and summary of today's programmes for the Forces
Records of Teddy Grace, singer of blues
Exercises for men : George Welton
7.40 Exercises for women : Doris Robertson
An anthology of favourites
Reading from the Gospels, by Robert Speaight
Records taken at random from the rack
Conductor, Richard Crean , with Nora Savage (soprano)
NORA SAVAGE AND ORCHESTRA
at the organ of the Gaumont State, Kilborn
A devotional reading. Maundy Thursday meditation on the New Commandment of Jesus
for Thursday in Holy Week
Percival Mackey and his Band
Lunch-time entertainment for factory-workers, from a factory somewhere in Britain
Talk by Lady Stapledon
Second of a series of gramophone programmes in which. Helen Henschel endeavours to answer the question so often asked
Helen Henschel is daughter of the late Sir George Henschel. With a father like
Sir George, who was singer, composer, and conductor, it was only to be expected that Helen would have musical inclinations. She had made her name as a singer of songs to her own piano accompaniment, and excels in the English folk song, the French chanson, and the Negro spiritual. To these accomplishments have been added, as many will agree who have listened to her other programmes of this type in the past, a delightful manner as a broadcaster.
and his Music, with Mervyn Saunders
Oscar Grasso and his Orchestra
Conductor, Sir Adrian Boult. Jack. Mackintosh (trumpet)
Talk by Desmond Hawkins
with Marjorie Westbury , Courtney Hope , Godfrey Baseley , Philip Gar ston-Jones, and Jack Wilson and his Versatile Five. Produced by Martyn C. Webster
(Studio Service in Welsh). Cymerir y
Gweddiau o'r llyfr' Bob Bore o
5.20 ' Old Peter's Russian Tales ' by Arthur Ransome. 7-' Alenoushka and her Brother'
5.40 ' 'All the Fun of the Fiesta' : heydays and holidays in Panama and Pacific. A tune or two and a yam or two, by W. Ivor Williams
National and Regional announcements
in ' An Idyll for Miss Cleeshaw', a little adventure in the dark. Written by James Dyrenforth , with music by Alan Paul. Produced by Tom Ronald and Augmented BBC Revue Orchestra, conducted by Mansel Thomas
Six columns of the stage ' Who's Who ' tell us everything-and nothing-about Dame Irene Vanbrugh. They recite the details of the career which brought her from the seclusion of a prebendarial hearth to the forefront of the contemporary stage; but Irene Vanbrugh is a magic, and a voice, and a wave of the sea.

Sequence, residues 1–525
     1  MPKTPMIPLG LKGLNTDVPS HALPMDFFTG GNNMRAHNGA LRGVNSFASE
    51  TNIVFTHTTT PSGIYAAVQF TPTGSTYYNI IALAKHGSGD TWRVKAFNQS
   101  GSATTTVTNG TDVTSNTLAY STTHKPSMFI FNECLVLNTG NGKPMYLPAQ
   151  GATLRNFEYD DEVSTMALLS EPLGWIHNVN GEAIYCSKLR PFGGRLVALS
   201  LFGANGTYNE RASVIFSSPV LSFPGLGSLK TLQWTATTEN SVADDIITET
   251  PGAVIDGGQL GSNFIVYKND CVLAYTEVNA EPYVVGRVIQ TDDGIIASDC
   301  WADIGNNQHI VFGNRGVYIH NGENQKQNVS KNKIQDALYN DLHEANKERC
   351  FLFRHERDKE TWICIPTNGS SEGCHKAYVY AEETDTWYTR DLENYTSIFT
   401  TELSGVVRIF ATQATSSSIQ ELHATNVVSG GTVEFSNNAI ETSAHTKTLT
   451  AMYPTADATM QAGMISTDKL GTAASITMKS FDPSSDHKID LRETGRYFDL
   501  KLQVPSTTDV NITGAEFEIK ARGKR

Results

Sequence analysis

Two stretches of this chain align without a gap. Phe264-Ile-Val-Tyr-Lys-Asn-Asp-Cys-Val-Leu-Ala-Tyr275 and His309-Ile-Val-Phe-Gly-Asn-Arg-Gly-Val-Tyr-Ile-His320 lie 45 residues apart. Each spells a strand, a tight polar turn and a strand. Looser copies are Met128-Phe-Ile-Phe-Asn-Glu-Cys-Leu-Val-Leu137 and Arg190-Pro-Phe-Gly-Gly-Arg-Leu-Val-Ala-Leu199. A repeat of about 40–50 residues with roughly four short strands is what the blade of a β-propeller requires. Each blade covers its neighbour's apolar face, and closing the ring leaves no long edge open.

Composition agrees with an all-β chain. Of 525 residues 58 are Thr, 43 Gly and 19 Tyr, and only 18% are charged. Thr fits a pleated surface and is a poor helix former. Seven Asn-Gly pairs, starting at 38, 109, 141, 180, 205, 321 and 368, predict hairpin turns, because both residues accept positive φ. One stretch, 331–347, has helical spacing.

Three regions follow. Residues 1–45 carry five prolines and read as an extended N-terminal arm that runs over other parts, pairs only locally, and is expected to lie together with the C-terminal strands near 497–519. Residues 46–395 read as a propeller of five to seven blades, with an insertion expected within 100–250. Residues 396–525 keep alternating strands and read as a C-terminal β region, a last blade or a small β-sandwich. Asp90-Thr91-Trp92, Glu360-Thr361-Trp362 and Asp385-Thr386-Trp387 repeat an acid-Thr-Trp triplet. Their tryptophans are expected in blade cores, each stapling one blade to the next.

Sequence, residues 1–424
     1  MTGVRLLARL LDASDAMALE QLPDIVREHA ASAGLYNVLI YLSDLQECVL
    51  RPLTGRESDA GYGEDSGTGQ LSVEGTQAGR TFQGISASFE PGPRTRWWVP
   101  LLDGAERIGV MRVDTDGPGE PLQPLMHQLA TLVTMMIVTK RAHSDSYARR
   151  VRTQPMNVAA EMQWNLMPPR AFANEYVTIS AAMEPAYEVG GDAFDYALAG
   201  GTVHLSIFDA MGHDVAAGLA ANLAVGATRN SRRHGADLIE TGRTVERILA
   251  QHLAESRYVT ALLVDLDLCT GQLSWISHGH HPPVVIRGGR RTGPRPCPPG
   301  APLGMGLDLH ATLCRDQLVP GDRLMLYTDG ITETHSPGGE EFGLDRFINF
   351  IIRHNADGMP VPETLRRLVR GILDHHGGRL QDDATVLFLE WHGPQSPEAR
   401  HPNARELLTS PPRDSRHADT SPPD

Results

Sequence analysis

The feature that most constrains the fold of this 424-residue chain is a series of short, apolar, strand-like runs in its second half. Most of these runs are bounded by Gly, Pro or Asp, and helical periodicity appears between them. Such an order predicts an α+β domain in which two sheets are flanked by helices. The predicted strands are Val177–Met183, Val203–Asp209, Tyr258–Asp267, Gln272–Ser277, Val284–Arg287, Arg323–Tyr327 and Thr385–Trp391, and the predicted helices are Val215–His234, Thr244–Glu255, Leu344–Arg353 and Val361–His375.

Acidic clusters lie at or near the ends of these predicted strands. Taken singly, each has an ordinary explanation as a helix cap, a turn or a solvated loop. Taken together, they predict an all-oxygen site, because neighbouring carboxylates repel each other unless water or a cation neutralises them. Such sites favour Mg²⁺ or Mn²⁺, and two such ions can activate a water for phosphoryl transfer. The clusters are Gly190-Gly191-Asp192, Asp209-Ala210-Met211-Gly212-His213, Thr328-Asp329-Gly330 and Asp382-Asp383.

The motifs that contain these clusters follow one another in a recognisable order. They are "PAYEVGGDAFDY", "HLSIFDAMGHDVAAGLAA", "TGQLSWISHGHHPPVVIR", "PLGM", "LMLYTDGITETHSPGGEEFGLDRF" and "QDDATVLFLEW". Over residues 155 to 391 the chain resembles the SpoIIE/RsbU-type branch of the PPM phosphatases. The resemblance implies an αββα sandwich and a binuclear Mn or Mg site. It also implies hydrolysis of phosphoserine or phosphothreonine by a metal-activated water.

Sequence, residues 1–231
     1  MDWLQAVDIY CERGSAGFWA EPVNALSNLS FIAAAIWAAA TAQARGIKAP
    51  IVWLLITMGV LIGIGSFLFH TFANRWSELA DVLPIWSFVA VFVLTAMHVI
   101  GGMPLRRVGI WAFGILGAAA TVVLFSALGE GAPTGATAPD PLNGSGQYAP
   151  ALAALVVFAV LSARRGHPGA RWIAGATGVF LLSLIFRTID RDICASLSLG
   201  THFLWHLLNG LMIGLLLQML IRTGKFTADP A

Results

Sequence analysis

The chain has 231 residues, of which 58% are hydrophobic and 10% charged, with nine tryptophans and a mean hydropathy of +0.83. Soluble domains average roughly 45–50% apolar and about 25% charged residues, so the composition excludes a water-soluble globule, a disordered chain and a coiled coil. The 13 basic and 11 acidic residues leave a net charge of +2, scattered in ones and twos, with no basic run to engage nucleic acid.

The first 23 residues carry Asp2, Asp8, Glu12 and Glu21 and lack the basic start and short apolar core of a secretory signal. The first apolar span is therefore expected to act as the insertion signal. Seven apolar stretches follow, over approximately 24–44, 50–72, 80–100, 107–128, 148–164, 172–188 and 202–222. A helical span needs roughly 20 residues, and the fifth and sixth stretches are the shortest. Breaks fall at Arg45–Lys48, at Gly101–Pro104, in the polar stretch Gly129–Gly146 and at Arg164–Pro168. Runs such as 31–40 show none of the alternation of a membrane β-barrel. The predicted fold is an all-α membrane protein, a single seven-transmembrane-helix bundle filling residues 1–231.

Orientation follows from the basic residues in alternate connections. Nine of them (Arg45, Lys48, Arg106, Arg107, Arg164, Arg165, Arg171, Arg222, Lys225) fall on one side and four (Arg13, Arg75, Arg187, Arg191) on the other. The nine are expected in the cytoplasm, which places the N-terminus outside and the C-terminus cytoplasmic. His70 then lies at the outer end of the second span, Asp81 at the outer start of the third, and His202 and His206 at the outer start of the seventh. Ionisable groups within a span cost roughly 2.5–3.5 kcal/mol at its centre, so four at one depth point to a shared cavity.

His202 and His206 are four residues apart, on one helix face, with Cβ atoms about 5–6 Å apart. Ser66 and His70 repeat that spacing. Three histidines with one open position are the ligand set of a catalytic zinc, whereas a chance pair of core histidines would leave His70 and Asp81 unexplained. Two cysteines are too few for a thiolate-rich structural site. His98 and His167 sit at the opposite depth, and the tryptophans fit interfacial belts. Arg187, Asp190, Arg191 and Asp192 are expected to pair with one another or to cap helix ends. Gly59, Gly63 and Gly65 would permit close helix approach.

Older playgoers mark their lives byothe golden milestones of her appearincesspirited in Pinero, gay or wistful by turns in Barrie, always clothing the warmth of her personality with the seemingly effortless technique which makes, alas 1, so many of her most brilliant juniors seem inspired amateurs by comparison.
' Rosalind ', ' Lady Mary Lasenby ',
' Rose Trelawny '-these are triumphs of the past, but she could create them anew today. She has never lost her conquests, and every year extends them with her- undying charm, her grace and the effortless music of the voice which Tom Ronald brings to the microphone tonight.
The couple at the next table:
The couple at the next table:
Alfred Campbell discusses some of the regulations governing wartime life in Northern Ireland, and Tommy Thompson adds his rhyming comment on the Ulster news of the fortnight
' Where do we come in ?** : Sir Richard Livingstone , President of the Association for Education in Citizenship, suggests an answer to the question most young workers are asking
plays Schumann's Carnival for piano
Schumann's ' Carnival ' is one of the most effective displays of pure dancing in the ballet repertoire. Schumann himself described it as a 'Masked Ball and actually it is a series of sketches so cleverly illustrating passing incidents in a ballroom that to interpret it in terms of dance and gesture and to put it on the stage was inevitable.
As piano music 'Carnival' is one of the outstanding achievements of the romantic period and can be placed alongside Chopin's music for perfection of keyboard style and beauty of effect.
The Low Countries under Hitler's rule. Produced by John Glyn-Jones
by Group Captain W. Helmore
Symphony No. 4, in B flat played by the BBC Orchestra, conducted by Clarence Reybould
The majority of Beethoven's nine symphonies are genial in mood, particularly the even numbers. The No. 4 in B flat, for instance, is full of exuberant spirits, even the slow movement and the slow introduction to the first movement have no hint of tragedy. although in both there are moments of agitation and mystery. There are the customary four movements, the slow movement coming second and the scherzo third
for Maundy Thursday. Theme :
' Why hast thou forsaken me ? '
Jesu, grant me this, I pray (A. and M. 182)
Reading : Psalms 22 and 130 Address by the Most
Rev. William Temple , D.D., Archbishop of York
There is a green hill (A. and M.
332 ; C.H. 105)
Play by Monckton Hoffe. Produced by Val Gielgud and various persons in a bar, sailors, constables, a chaplain, warders, etc.
and his Orchestra, with Dorothy Carless , Len Camber , George Evans , Derek Roy. and Three Boys and a Girl